Hand crossing is the ultimate breeding technique and can achieve results when all other methods fail. However, It is so time consuming and generally disappointing in that most crosses do not make seeds. that nearly everybody who has done it reverts back to isolation breeding above. Having said that, there are many crosses that bees NEVER make that can be done. Bees for example seldom pollinate poms as they are so small and have such little pollen that they cannot get to the pollen in there and ignore the pom flowers. My wife hand pollinated a pom and got 20 seeds. and all the bee pollinated poms yielded almost no seeds at all. Giant flowers too are candidates for hand crossing as they have so few flowers that the odds of pollen being available from another giant flower blooming at the right time are not good. If a bee pollinates a giant, the pollen comes from a smaller flower.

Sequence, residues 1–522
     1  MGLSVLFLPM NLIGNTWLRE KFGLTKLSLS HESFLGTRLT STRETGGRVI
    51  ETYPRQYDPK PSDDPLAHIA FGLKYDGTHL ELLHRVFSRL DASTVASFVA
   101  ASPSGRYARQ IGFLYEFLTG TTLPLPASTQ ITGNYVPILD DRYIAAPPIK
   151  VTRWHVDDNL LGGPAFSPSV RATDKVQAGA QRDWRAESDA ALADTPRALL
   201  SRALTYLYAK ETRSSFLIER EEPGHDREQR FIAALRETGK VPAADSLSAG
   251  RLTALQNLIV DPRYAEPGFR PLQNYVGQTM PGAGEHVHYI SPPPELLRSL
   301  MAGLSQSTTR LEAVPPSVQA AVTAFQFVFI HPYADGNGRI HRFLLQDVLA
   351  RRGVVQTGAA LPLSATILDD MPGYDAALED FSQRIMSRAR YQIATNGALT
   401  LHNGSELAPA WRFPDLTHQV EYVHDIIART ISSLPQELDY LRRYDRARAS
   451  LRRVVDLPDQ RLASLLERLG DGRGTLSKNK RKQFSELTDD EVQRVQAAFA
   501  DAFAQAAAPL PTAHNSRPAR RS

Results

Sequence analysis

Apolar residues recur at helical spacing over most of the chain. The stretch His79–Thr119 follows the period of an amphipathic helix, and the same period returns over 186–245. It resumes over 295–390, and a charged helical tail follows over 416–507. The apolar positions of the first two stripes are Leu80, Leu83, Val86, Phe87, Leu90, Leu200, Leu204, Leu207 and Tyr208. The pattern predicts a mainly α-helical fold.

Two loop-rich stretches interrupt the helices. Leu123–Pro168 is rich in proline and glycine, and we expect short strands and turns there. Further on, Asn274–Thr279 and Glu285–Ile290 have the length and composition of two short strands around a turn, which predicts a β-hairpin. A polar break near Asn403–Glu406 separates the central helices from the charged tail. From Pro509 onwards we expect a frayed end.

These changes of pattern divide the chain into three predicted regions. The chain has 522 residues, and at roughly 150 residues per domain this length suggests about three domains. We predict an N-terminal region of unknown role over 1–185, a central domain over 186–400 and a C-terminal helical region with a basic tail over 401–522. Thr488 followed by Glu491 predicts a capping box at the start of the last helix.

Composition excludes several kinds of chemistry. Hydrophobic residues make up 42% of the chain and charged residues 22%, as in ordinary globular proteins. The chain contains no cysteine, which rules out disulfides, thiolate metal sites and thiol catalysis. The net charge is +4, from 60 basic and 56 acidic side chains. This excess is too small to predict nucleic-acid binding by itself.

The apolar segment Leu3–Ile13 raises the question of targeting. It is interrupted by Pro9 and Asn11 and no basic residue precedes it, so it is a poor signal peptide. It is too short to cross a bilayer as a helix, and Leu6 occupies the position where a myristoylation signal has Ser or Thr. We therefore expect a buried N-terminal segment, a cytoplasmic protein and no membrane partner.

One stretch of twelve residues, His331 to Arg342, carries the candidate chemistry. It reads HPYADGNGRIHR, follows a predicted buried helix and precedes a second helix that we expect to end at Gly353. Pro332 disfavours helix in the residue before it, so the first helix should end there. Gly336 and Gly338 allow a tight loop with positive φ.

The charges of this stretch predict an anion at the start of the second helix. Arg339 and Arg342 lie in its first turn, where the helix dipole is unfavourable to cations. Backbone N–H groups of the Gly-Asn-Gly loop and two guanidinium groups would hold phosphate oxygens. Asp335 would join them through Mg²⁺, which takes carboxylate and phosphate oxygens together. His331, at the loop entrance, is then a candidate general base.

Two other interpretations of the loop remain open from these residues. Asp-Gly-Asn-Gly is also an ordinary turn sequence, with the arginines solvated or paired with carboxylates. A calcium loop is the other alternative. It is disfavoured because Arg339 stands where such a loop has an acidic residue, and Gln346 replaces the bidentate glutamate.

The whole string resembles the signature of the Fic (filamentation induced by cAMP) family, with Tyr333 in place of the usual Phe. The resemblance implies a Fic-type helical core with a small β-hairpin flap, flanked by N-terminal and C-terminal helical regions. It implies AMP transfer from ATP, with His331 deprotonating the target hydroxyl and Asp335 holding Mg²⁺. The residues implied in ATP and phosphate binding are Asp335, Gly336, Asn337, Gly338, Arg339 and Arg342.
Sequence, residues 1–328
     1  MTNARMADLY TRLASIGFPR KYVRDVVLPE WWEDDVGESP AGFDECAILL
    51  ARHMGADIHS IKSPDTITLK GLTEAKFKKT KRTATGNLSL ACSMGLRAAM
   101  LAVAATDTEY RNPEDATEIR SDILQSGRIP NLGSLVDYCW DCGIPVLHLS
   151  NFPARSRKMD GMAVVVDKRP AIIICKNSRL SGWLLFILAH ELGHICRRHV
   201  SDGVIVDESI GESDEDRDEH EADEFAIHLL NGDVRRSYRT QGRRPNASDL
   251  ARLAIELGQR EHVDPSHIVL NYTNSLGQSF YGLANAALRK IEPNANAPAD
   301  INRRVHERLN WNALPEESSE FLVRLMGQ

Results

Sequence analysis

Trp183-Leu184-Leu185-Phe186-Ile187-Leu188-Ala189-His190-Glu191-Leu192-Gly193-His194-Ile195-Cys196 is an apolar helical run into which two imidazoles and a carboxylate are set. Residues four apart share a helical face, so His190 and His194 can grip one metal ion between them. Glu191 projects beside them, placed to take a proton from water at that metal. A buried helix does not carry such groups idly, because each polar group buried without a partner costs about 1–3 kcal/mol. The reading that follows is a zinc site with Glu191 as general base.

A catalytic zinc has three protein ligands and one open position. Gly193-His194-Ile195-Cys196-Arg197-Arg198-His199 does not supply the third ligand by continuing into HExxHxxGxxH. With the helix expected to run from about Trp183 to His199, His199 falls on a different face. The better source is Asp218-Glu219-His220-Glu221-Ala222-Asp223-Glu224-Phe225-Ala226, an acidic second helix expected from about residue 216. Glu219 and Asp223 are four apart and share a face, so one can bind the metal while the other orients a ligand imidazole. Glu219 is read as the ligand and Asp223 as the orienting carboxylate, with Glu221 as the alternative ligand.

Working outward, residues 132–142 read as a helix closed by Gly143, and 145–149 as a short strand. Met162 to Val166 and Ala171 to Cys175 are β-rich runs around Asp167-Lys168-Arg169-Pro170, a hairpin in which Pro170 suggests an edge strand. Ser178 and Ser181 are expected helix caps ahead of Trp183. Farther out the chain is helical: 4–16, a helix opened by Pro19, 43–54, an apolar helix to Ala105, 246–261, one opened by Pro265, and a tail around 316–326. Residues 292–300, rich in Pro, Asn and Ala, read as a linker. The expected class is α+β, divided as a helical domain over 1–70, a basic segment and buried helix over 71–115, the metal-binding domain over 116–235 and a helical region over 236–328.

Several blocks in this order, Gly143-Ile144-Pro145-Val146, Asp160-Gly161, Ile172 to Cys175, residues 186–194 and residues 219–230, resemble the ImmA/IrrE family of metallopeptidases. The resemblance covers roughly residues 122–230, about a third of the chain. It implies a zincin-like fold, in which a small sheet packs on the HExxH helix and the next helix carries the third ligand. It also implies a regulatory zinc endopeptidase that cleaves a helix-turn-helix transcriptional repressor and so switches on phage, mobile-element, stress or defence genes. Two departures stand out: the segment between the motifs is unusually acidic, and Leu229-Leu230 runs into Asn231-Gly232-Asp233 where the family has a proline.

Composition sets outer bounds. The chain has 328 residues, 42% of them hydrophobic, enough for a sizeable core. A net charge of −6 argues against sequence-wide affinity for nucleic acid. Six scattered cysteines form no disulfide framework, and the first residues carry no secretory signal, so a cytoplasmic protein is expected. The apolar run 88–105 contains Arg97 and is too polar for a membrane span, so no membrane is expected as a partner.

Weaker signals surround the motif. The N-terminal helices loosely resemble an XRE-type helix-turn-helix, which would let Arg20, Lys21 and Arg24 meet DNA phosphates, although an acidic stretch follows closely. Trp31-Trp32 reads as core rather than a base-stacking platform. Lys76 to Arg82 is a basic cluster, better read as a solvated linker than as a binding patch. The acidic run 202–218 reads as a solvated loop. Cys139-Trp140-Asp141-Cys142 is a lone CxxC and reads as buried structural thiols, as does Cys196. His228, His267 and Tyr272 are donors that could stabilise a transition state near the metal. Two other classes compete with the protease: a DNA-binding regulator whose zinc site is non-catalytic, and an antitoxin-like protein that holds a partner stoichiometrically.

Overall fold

“Flowers are like friends; They bring color to your world.” – Unknown
[Last edited Jun 6, 2020 12:31 PM CST]
Quote | Post #1348327 (2)
SteveM
Jun 6, 2020 1:15 PM CST
Name: Steve
San Diego
Commercial cut flower grower
Paul Comstock also used the 'isolation' method. He grew on about 1/2-1 acre of land and had a separate structure built for his desired crosses. It was (from memory) about 20X20 feet and was enclosed with 'bee-proof' fabric on all sides and the top. It wasn't shade cloth, and now I wish I had paid more attention, but it was 1984, and I thought I had already learned everything about growing dahlias. Paul wouldn't save any seedling that was smaller than about 8" in diameter. Ironically, his most successful introduction, "Edna C", was headed for the compost heap (because the bloom was too small) when his wife Edna ( a great dahlia grower, maybe better than Paul) convinced him to keep it.

Bill McClaren used the 'bees go down one row' method. (and sometimes hand pollinated) He would spend his weeding breaks watching the pattern bees followed. He hybridized mostly open-centered varieties. The bees always followed the most efficient path and never diverted from a row unless the next plant in line had no pollen.

Imageteddahlia
Jun 6, 2020 1:59 PM CST
Name: Ted
Oregon
We enjoy breeding new dahlias!